In spite of what some perceive as great successes of the sector – reaching the 0.7% foreign aid target or international debt relief – there is no backing away from the view that the sector needs, at the very least, a tune-up, if not a wholesale revolution to enable it to face modern times.

Social innovation seems to be rising up around INGOs, making them appear out-dated and static. Social enterprises are rapidly occupying the service delivery space where INGOs once led, with a fresh wave of philanthro-capitalists seeking out “beyond charity” solutions to poverty.

The sector’s traditional approach to challenge has been to develop codes of practice, joint charters, or training schemes. Some go further: Action Aid and Oxfam have shifted their headquarters to the global south. But such approaches feel a bit like changing a warning sign on a poorly engineered aircraft – they still have a high likelihood of failure.

It is unlikely that INGOs will survive, at least in their current form, without a direct full-frontal assault on the sector.

[An Opinion printed in The Guardian]

Pope delivers a stinging critique of both US and Mexico for mistreating the poor and marginalized

On Wednesday, Pope Francis unleashed another aspect of his complex public persona: The disappointed prophet who excoriates world powers for mistreating the poor and marginalized.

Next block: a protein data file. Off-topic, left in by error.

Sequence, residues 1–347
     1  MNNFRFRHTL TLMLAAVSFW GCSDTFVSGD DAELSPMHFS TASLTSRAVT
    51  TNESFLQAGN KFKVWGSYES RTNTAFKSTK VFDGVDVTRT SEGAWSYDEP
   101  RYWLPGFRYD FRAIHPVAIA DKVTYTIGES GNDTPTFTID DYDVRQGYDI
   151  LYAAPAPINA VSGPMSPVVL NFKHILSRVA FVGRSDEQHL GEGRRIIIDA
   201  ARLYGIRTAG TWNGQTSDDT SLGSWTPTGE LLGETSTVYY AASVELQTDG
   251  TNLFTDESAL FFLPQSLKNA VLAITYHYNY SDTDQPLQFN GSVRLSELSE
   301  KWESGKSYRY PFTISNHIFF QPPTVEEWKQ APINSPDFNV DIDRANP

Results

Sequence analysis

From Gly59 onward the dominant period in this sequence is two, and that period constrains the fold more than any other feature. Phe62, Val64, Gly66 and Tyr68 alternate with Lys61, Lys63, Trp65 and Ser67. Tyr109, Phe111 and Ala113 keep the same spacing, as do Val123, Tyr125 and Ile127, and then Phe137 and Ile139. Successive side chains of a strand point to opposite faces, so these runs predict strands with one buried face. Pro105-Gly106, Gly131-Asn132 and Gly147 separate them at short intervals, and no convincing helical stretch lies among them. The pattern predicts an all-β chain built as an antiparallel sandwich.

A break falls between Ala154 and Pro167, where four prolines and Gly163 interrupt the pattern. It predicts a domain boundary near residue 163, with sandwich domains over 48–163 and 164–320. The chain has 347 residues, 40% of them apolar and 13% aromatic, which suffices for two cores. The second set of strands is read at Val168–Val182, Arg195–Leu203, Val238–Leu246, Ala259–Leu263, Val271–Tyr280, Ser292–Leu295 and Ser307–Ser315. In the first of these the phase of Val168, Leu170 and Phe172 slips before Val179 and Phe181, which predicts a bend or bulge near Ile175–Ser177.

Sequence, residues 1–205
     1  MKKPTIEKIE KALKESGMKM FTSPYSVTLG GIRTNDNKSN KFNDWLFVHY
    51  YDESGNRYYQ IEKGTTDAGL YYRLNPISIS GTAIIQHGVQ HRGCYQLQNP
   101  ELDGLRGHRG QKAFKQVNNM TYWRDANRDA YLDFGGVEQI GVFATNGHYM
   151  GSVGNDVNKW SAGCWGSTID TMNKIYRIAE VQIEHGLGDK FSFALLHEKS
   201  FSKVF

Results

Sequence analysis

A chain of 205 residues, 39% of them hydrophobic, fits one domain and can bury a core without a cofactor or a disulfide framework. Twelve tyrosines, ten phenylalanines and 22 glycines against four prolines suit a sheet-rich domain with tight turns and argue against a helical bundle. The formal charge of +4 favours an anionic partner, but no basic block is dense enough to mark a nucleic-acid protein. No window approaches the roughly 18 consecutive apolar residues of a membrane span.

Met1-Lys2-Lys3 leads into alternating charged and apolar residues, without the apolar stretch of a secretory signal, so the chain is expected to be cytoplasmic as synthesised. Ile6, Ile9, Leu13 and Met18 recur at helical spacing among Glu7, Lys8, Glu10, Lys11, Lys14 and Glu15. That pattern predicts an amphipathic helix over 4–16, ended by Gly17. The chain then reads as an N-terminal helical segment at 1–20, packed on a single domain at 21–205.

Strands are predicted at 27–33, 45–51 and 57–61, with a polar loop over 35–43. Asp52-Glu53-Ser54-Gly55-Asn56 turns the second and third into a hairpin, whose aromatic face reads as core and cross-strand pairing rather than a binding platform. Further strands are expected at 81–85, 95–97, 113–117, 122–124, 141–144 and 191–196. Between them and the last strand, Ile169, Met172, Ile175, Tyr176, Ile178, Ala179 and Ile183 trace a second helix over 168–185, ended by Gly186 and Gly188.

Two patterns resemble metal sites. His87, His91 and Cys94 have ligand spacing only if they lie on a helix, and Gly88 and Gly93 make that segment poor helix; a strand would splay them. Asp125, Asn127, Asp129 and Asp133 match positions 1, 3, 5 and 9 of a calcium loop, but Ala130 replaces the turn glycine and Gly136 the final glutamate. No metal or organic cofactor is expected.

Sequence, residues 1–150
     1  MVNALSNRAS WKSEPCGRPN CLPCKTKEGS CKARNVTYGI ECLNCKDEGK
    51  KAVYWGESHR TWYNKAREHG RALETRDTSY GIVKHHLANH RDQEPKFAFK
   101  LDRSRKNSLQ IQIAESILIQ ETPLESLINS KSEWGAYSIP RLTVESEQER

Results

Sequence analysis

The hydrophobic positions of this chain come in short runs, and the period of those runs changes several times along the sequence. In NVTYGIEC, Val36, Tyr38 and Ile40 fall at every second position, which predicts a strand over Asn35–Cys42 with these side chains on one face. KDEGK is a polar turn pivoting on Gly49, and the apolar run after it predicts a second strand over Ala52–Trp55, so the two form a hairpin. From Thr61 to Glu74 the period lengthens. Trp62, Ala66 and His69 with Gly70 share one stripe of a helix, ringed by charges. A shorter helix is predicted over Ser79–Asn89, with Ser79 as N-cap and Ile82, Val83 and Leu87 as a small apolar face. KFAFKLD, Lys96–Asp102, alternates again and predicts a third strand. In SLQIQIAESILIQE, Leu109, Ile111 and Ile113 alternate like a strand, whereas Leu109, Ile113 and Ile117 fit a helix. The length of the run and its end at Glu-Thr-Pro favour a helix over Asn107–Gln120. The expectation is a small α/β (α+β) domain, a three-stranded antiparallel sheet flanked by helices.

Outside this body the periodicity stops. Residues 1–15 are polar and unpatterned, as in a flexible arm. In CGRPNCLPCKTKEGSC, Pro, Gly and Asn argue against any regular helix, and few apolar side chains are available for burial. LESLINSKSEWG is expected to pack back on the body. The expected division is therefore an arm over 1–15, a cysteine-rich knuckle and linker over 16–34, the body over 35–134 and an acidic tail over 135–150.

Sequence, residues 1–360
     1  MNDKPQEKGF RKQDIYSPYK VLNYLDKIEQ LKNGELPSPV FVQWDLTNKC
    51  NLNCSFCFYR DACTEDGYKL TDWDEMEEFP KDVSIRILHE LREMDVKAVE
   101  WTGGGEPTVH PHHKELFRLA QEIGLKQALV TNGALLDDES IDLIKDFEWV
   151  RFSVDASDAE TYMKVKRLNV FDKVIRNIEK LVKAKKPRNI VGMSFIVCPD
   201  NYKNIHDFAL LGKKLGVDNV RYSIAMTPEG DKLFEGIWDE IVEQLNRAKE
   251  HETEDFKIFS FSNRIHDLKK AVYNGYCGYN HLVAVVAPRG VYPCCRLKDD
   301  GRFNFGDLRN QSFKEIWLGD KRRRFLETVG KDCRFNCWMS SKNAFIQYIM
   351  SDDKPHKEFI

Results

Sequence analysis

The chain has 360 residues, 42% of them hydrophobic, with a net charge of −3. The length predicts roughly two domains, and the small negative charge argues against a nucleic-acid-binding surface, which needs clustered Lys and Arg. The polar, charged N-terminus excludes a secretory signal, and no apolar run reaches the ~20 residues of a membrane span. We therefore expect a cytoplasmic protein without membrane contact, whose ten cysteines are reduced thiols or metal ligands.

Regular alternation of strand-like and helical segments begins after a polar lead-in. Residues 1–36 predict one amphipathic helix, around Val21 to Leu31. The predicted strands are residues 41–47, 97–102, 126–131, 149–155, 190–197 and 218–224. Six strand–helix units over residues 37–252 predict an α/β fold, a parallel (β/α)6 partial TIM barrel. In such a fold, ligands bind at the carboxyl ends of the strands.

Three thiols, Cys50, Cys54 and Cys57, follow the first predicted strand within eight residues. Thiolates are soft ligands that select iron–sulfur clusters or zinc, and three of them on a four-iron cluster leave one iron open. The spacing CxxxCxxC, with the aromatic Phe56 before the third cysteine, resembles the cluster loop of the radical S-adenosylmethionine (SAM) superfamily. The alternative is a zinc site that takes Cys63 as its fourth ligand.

Celebrating Mass in Ciudad Juarez, a city just across the border from the United States, Francis delivered a stinging critique of leaders on both sides of the fence, calling the “forced migration” of thousands of Central Americans a “human tragedy” and “humanitarian crisis”. … “Injustice is radicalized in the young,” the Pope said during his homily before a congregation of more than 200,000 people. “They are ‘cannon fodder,’ persecuted and threatened when they try to flee the spiral of violence and the hell of drugs.”

The Bible readings at the Mass told the story of Jonah, another angry prophet. The Bible passages set up the Pope to blister injustices in Mexico and indifference in the United States, casting both countries as modern-day Ninevehs. “Go and tell them that injustice has infected their way of seeing the world,” the Pope said, describing Jonah’s mission to rouse the city of Nineveh from the morass of moral decay. “Go and help them to understand that by the way they treat each other, ordering and organizing themselves, they are only creating death and destruction, suffering and oppression.”

It was a grand geopolitical gesture from the Pope’s political playbook, mirroring his prayer at the wall separating Palestinian territories and Israel in 2014. It also thrust Francis into the polarized debates over immigration in both the United States and Mexico.

[CNN]